Evolution of swimsuit shows increase in melanoma.
A new study in the American Journal of Public Health finds correlation between the changes in swim attire and the rise of skin cancer. The study examines 100 years of factors like clothing styles, travel patterns and perception of tan skin. All of these have led to an increase in sun exposure an ultimately an increase in melanoma over the years.
The study divided the 20th century in four eras: turn of the century, early century, mid and late century. They studied showed how exposed the skin was during that time period. They found that around the turn of the century porcelain skin was accepted because of racial stereotypes associated with dark skin and the lower-class people working on the fields had tan skin from the sun exposure.
The study is interesting when looking at the later half of the 20th Century. As time went by the traditional look of fair, pale skin was not what everyone wanted. Also the fashion was to expose more skin. Fashion no longer required high collars and long skirts. Instead women and men were exposed more to the sun through fashion. From 1940s to the 1960s the incidents in melanoma went up 300% in men and more surprisingly 400% in women. Researchers determined that do to the change in swimsuit attire there was more exposed skin while out in the sun. Women and men were more covered during the turn of the 20th century rather than the late 20th century when bikinis and swim trunks were introduced. Even in most resent years melanoma jumped from 22.8 per 100,000 in 2000 to 28.9 per 100,000 in 2009.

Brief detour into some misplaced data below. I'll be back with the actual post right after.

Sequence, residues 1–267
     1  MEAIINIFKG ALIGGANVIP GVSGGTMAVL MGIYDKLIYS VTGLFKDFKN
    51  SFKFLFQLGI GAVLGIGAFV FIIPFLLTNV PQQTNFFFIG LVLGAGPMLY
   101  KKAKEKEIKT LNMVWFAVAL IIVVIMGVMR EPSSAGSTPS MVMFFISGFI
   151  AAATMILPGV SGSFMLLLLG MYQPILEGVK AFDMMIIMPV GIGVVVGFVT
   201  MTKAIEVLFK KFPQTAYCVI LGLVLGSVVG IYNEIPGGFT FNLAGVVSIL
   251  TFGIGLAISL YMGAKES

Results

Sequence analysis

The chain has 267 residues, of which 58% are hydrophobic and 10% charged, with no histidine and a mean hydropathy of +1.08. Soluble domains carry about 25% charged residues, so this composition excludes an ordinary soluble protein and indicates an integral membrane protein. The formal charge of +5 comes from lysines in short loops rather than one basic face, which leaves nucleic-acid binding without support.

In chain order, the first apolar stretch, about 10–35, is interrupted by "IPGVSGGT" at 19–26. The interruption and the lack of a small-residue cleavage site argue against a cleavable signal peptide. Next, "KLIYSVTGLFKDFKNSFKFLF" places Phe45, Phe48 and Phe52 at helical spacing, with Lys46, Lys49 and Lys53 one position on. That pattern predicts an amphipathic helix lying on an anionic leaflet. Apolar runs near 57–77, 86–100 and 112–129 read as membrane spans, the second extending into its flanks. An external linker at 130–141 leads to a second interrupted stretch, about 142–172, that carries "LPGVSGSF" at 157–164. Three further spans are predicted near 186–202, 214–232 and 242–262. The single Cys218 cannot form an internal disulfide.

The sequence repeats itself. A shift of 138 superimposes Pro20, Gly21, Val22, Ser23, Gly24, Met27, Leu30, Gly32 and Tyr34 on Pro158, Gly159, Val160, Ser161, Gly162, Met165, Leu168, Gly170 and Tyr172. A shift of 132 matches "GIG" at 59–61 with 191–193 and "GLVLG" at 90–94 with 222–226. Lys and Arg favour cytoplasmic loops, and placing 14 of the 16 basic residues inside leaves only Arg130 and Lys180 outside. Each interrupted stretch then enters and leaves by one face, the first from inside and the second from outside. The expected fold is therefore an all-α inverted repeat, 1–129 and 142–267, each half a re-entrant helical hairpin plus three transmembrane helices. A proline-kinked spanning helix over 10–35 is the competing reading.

Find the complete report at http://www.dailymail.co.uk/health/article-2784410/How-skin-cancer-leapt-bikinis-hit-beaches-Between-1930s-1960s-cancer-rate-went-400.html